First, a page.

When Hewlett-Packard rolled out its Helion cloud infrastructure last May, it pledged to invest $1 billion over two years to deliver converged infrastructure geared toward hybrid IT platforms. Making good on that pledge, the company announced Helion Rack on Tuesday (March 24), a preconfigured private cloud based on OpenStack and Cloud Foundry technologies.
Patricia M. Loui-Smicker of Hawaii was confirmed by the Senate, just the other day, as a director of the Export-Import bank. Not the kind of routine confirmation that makes the news. Gilberto de Jesus of Maryland withdrew his nomination to be chief counsel for advocacy at the Small Business Administration. The Senate Committee on Homeland Security and Governmental Affairs reported favorably on a bill "to reduce the operation and maintenance costs associated with the Federal fleet by encouraging use of remanufactured parts."
New version of SecureDrop, open-source whistleblower submission system originally created by Aaron SwartzSubmitted by Roy Schestowitz on Tuesday 24th of March 2015 02:38:36 PM Filed under
At Freedom of the Press Foundation, we’re excited to announce the release of a brand new version of SecureDrop, our open source whistleblower system which media organizations can use to communicate and receive documents from sources.
Version 0.3 has been over a year in the making, and is the result of extensive feedback from both news organizations who already have SecureDrop—like the New Yorker and The Intercept—and from a security audit done by iSec Partners. In addition, we have a new website for SecureDrop, SecureDrop.org, which will serve as a hub for all the news organizations that have installed their own instances, and where you can find all the information you need to use it yourself.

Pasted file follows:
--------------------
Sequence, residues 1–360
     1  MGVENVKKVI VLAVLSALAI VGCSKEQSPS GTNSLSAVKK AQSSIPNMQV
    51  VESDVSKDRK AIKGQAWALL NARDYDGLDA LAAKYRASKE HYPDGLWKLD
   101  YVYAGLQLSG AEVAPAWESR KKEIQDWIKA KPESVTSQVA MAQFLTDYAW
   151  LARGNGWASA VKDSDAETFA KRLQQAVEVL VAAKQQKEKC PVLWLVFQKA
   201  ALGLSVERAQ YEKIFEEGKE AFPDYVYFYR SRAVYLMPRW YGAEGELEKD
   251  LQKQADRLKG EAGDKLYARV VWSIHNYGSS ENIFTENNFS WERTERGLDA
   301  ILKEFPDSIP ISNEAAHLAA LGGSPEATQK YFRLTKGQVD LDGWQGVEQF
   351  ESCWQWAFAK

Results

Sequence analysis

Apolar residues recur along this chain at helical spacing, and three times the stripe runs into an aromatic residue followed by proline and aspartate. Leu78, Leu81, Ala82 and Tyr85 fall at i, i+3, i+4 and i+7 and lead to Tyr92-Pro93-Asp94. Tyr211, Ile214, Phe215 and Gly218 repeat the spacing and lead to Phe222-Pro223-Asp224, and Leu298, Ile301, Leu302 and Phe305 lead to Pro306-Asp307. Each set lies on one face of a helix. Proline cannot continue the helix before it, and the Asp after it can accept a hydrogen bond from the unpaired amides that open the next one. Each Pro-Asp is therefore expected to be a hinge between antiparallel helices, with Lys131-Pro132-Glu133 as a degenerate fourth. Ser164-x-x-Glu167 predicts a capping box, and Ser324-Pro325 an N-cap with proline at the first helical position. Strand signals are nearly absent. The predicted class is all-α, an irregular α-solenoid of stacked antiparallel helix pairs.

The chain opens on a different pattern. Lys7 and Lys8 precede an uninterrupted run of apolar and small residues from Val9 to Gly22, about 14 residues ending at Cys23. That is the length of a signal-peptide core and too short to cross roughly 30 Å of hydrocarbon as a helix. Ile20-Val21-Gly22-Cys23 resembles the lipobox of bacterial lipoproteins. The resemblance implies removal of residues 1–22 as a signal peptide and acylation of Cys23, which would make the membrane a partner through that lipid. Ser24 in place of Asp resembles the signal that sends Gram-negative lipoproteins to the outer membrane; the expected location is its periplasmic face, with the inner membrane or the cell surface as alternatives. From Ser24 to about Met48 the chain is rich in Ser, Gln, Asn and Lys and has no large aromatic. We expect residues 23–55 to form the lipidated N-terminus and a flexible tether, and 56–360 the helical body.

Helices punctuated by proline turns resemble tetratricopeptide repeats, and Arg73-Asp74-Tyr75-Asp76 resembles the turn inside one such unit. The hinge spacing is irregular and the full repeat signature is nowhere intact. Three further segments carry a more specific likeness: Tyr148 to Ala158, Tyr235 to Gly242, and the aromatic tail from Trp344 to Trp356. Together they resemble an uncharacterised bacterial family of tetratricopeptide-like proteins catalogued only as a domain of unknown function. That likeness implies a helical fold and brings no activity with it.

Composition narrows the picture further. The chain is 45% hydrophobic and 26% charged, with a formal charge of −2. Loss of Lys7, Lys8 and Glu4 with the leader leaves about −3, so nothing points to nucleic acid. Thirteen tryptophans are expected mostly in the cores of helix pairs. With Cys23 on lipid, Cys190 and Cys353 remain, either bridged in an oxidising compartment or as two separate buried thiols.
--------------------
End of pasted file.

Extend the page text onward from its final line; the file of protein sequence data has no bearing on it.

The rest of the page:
The OpenStack project feels different from other open source projects to me. Let me try to explain.
Henrik Ingo did an excellent analysis of open source project size versus governance structure a few years ago. Essentially, the nine largest, most vibrant open source communities were anchored inside nonprofit foundations. The 10th largest was 10 times smaller than the ninth and existed inside a corporation. Like a good engineer, Henrik provided his data and listed his assumptions. He was not suggesting that the growth was causal, simply that there was a strong correlation. He rightly observed that it will be fascinating to see what it all means using OpenStack as an example when he presented his findings in summer 2011. (He wrote an excellent follow-up post comparing cloud projects later.)
The White House has plucked 28-year-old David Recordon, engineering director at Facebook, as its first IT Director. A strong open source advocate with a decidedly non-button-down appearance, Recordon will be charged with modernizing the White House’s technology. Here’s a closer look at one of our newest public servants…
When academia and open source collaborate, everybody wins. Open source projects get new contributors, professors get students with more knowledge and perspective about real-world software development, and—most importantly—students can get extra mentorship while gaining hands-on experience in their chosen fields.
At the turn of the millenium, a new breed of open-source hosting platforms was created to provide free hosting for open-source projects. The inaugral hosting service was SourceForge, created by VA Linux as a means to host open-source projects in 1999, to support their VA Linux product created in 1993. The repository provided a location for developers to host code (with CVS), have an issue tracking system, mailing lists and hosting for download purposes. By the end of 2001, over 30,000 projects were hosted on SourceForge. By 2006 the number of projects had grown to 100k, and adding Google Ads provided a means of income to support the hosting site. 2006 also saw Subversion being added to the platform.